Associated Press (“JAPAN PARLIAMENT PASSES ANTI-TERROR BILL”, Tokyo, 2008/01/11) reported that ruling coalition forced a bill through parliament Friday to revive a U.S.-backed anti-terror mission in the Indian Ocean. Following the vote, Defense Minister Shigeru Ishiba ordered ships to prepare for dispatch. The fleet should leave port in two to three weeks and resume operations in five to six weeks, the ministry said. The measure enacted Friday will limit Japanese ships to refueling boats not directly involved in hostilities in Afghanistan. The lower house vote, which approved the measure 340 versus 133, followed the upper house’s rejection of the bill earlier in the day. Under a Japanese law last used in 1951, the upper house can be overruled by a two-thirds vote in the lower chamber.
Kyodo (“FUKUDA EYES DISPATCHING MSDF TO INDIAN OCEAN BY END OF JAN.”, Tokyo, 2008/01/11) reported that Prime Minister Yasuo Fukuda said Friday he plans to have Maritime Self-Defense Force vessels head to the Indian Ocean by the end of January. ‘To resume the refueling activities as soon as possible, the government will decide on an implementation plan in the middle of next week,” Fukuda said in a statement. Fukuda stressed in the statement that Japan needs to contribute to international society and that the refueling mission is an activity Japan can do by using its ability to ”the greatest possible extent.”
13. Japan Space Program
Donga Ilbo (“JAPAN TO DELIVER FIRST MANNED RESEARCH UNIT TO ISS”, 2008/01/10) reported that Japan is set to install its first manned experimental module Kibo in the International Space Station(ISS) this year. Kibo, a Japanese word for hope, is a research unit to be installed in the ISS, jointly built by the United States, Russia, Canada and Japan. Asahi elaborated, “Japan’s Kibo signifies the fulfillment of technological requirements for human beings to live safely in the space.” After the completion of Kibo in 2009, Japan will annually launch a supply shuttle ship ‘HTV’ as part of its financial obligation for the ISS. The budget for the project is estimated at around 1 trillion yen by 2015.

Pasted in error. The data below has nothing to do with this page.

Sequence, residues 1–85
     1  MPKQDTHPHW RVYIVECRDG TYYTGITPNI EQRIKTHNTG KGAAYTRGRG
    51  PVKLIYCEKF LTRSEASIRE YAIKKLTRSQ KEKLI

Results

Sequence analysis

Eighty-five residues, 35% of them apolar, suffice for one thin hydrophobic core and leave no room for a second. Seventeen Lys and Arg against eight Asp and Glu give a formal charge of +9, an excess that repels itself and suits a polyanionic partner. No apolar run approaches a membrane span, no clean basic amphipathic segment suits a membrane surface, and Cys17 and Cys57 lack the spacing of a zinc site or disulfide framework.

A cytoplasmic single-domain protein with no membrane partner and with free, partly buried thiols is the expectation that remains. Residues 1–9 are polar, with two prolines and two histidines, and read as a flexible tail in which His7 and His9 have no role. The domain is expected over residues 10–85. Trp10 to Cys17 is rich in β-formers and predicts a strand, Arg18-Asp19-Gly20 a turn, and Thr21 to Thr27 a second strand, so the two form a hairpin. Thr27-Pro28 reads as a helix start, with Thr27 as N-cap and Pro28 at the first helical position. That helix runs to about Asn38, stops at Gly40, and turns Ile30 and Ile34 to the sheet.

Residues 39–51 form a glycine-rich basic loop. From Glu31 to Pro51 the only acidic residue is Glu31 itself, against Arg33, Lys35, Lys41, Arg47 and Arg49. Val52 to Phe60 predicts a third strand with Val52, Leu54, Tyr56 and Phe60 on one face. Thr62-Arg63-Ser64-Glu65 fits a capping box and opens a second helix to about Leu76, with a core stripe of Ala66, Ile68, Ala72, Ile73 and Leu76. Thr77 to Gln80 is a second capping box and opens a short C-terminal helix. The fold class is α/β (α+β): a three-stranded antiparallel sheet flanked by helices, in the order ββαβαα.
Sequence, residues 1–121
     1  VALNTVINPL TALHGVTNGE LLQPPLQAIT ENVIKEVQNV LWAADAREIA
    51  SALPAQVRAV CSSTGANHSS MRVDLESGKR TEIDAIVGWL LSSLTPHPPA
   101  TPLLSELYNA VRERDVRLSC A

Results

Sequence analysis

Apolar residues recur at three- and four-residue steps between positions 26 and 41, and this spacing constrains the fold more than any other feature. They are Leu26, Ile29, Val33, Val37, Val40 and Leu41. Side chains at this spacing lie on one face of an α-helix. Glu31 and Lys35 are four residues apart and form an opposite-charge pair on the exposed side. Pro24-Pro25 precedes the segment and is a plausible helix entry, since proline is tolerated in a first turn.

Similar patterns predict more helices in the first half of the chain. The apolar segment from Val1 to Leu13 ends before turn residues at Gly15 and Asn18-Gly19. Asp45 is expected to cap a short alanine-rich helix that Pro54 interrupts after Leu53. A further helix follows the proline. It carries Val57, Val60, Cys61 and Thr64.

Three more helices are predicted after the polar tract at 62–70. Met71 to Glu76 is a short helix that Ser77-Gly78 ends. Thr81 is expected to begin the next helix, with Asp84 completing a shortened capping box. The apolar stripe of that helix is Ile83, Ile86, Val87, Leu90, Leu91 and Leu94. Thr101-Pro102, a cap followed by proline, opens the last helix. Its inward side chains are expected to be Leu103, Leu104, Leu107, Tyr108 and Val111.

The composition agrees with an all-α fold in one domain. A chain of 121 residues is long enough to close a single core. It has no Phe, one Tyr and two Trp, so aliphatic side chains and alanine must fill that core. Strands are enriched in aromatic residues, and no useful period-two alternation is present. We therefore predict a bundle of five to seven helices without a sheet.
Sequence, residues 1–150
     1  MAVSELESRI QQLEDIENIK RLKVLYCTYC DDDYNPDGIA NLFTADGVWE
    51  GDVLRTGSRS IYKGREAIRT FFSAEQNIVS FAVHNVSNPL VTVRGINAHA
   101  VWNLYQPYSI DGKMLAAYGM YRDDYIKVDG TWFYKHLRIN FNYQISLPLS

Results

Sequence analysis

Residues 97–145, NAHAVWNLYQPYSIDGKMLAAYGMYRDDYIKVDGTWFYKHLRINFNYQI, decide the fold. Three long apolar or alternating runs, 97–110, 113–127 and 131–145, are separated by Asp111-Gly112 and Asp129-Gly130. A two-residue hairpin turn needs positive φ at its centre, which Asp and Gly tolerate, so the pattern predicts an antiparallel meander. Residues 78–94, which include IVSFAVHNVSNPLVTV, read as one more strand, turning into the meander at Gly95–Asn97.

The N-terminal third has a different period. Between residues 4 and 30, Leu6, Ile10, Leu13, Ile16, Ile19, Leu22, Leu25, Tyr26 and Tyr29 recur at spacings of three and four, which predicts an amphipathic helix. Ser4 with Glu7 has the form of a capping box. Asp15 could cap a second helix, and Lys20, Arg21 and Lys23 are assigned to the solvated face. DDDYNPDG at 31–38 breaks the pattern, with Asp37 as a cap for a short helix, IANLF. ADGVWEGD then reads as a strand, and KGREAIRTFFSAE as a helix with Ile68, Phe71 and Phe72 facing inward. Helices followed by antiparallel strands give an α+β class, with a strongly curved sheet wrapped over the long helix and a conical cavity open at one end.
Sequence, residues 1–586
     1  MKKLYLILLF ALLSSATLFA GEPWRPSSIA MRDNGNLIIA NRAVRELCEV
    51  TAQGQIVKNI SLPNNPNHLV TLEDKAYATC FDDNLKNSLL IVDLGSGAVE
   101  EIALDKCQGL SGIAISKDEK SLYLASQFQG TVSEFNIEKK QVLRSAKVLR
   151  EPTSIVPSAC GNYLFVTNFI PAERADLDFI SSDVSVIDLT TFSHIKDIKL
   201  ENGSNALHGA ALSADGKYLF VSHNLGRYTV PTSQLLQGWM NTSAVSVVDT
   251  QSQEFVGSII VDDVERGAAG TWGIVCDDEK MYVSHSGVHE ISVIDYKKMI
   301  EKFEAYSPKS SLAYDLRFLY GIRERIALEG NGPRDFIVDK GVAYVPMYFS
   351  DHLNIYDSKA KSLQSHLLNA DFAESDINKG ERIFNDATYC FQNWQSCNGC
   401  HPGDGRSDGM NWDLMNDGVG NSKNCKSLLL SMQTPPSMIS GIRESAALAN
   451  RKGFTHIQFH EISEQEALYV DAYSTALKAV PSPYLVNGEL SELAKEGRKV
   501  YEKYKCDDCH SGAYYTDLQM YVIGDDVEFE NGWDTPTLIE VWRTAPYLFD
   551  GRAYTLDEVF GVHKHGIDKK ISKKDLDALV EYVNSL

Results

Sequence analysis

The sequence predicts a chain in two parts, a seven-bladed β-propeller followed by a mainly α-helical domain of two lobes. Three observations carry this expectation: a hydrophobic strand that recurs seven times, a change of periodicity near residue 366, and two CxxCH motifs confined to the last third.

14. Taiwan Election
The Financial Times (Kathrin Hille, “POLL OPENS TAIWAN’S YEAR OF CHANGE”, Taipei, 2008/01/10) reported that if Taiwan’s warring political parties agree on anything, it is that 2008 will mark a political watershed. Both the ruling Democratic Progressive party and the opposition Kuomintang see the presidential election scheduled for March 22 as a crucial moment for the island. But this Saturday’s parliamentary election, in which the KMT is expected to win a majority of seats in a reconstituted legislature, might prove more meaningful for Taiwan’s future. Constitutional reforms mean the new assembly will be only half the size of the current legislature and lawmakers will be chosen through a new voting system. The result could see one party win an absolute legislative majority for the first time in more than a decade and produce vastly more efficient lawmaking after years of deadlock.